The review was announced last year as part of a drive to cut the pounds 3.2bn drugs bill of the National Health Service.
The 'morning after' pill - the woman takes two tablets within 72 hours of intercourse followed by two more 12 hours later - offers a 98 per cent chance of preventing pregnancy. Sold at pharmacies, it would cost about pounds 2.50 a pack; at present, the prescription is free.
Family planning organisations support sales. The need to visit a GP to get the pill is a deterrent to many women, they argue, but a ban on NHS prescriptions would be at odds with the Government's aim of reducing pregnancies. They also fear that removing the 'morning after' pill from NHS prescriptions is the prelude to winding down free contraception.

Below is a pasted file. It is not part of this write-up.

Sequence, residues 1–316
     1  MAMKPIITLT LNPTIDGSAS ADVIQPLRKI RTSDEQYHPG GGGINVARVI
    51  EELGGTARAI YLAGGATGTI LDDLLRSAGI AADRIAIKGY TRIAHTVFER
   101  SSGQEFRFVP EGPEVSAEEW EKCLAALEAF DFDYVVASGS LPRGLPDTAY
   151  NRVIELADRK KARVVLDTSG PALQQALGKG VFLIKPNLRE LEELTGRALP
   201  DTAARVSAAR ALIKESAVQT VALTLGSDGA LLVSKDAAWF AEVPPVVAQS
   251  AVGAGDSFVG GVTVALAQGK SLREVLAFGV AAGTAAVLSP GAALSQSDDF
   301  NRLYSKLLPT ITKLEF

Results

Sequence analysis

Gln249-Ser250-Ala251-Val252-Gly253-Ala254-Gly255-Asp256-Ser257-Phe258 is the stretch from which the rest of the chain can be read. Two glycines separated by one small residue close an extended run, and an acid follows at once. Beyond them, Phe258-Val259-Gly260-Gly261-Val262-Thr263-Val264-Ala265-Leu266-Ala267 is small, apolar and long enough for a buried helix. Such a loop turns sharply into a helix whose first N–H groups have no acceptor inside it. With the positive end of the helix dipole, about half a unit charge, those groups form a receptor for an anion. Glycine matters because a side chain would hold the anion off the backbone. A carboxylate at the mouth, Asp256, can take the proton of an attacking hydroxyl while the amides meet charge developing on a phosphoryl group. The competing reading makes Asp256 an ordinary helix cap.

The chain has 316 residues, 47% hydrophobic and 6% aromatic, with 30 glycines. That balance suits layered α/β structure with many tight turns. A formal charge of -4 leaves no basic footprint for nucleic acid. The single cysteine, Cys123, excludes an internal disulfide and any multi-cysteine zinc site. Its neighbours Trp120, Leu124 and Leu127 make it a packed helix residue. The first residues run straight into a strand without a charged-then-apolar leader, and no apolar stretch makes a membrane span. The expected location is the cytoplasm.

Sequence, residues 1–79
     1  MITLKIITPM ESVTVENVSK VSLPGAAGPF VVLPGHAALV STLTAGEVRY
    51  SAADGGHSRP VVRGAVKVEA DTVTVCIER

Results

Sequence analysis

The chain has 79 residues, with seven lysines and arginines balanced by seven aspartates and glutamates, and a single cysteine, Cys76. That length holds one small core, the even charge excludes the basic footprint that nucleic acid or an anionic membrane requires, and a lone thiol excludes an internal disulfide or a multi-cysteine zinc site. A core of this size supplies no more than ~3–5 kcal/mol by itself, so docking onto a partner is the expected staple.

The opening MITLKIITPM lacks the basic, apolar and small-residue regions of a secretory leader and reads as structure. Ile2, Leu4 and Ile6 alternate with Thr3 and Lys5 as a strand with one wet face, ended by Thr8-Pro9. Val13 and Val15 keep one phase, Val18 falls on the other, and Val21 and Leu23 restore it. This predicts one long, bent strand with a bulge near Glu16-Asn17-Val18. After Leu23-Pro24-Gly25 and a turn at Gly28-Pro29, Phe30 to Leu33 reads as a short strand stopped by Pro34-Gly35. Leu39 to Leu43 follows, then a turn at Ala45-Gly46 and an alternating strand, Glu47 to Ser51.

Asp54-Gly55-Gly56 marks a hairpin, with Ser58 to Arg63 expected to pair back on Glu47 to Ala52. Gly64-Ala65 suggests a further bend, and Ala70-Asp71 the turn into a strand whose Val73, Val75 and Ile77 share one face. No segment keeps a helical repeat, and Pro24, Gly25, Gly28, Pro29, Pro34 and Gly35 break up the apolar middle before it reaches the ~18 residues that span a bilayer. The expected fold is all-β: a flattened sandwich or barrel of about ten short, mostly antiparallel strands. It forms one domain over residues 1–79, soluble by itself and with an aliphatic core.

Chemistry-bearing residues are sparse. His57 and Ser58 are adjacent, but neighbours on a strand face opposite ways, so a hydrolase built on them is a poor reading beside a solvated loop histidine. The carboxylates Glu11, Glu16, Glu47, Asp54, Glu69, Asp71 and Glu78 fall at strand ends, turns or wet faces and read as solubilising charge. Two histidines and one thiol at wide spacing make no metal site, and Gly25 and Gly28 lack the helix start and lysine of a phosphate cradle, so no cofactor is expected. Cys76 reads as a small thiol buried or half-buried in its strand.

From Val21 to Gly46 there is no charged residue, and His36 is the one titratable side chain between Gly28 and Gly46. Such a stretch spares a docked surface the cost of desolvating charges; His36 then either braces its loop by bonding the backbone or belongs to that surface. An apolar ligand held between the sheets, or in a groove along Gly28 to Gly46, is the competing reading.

The government review concluded that deregulation of the 'morning after' pill while banning it from NHS prescription was the 'lesser of two evils', sources say. It has already been announced that some drugs will no longer be supplied by the NHS. Contraceptives, seen as the most politically sensitive category, have been left until last.
Schering Healthcare, which makes the 'morning after' pill, sells about half a million packs a year to the NHS at pounds 1.40 each. Scientists say it is a safe drug, but it can cause so women are likely to use it only when they have had unplanned intercourse or when a condom has burst.Reuse content